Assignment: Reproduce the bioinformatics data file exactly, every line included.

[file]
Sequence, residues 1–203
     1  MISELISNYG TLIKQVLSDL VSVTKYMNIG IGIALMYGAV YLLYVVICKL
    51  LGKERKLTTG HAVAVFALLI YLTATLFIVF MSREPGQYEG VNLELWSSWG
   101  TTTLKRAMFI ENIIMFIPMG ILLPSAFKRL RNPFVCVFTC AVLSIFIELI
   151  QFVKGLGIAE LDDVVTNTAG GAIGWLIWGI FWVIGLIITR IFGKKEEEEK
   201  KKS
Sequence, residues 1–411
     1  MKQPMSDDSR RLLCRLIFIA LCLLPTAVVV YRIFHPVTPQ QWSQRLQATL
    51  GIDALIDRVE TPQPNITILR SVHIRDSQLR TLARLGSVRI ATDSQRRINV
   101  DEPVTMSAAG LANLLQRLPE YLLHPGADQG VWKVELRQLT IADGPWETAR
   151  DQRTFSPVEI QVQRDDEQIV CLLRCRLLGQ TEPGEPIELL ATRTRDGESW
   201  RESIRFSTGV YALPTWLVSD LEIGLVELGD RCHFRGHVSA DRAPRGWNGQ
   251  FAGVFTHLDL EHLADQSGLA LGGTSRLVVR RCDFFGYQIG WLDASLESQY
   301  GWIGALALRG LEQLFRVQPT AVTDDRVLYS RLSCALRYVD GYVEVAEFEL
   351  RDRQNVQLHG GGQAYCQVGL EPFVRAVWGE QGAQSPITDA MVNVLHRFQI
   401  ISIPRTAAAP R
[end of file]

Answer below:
Sequence, residues 1–203
     1  MISELISNYG TLIKQVLSDL VSVTKYMNIG IGIALMYGAV YLLYVVICKL
    51  LGKERKLTTG HAVAVFALLI YLTATLFIVF MSREPGQYEG VNLELWSSWG
   101  TTTLKRAMFI ENIIMFIPMG ILLPSAFKRL RNPFVCVFTC AVLSIFIELI
   151  QFVKGLGIAE LDDVVTNTAG GAIGWLIWGI FWVIGLIITR IFGKKEEEEK
   201  KKS
Sequence, residues 1–411
     1  MKQPMSDDSR RLLCRLIFIA LCLLPTAVVV YRIFHPVTPQ QWSQRLQATL
    51  GIDALIDRVE TPQPNITILR SVHIRDSQLR TLARLGSVRI ATDSQRRINV
   101  DEPVTMSAAG LANLLQRLPE YLLHPGADQG VWKVELRQLT IADGPWETAR
   151  DQRTFSPVEI QVQRDDEQIV CLLRCRLLGQ TEPGEPIELL ATRTRDGESW
   201  RESIRFSTGV YALPTWLVSD LEIGLVELGD RCHFRGHVSA DRAPRGWNGQ
   251  FAGVFTHLDL EHLADQSGLA LGGTSRLVVR RCDFFGYQIG WLDASLESQY
   301  GWIGALALRG LEQLFRVQPT AVTDDRVLYS RLSCALRYVD GYVEVAEFEL
   351  RDRQNVQLHG GGQAYCQVGL EPFVRAVWGE QGAQSPITDA MVNVLHRFQI
   401  ISIPRTAAAP R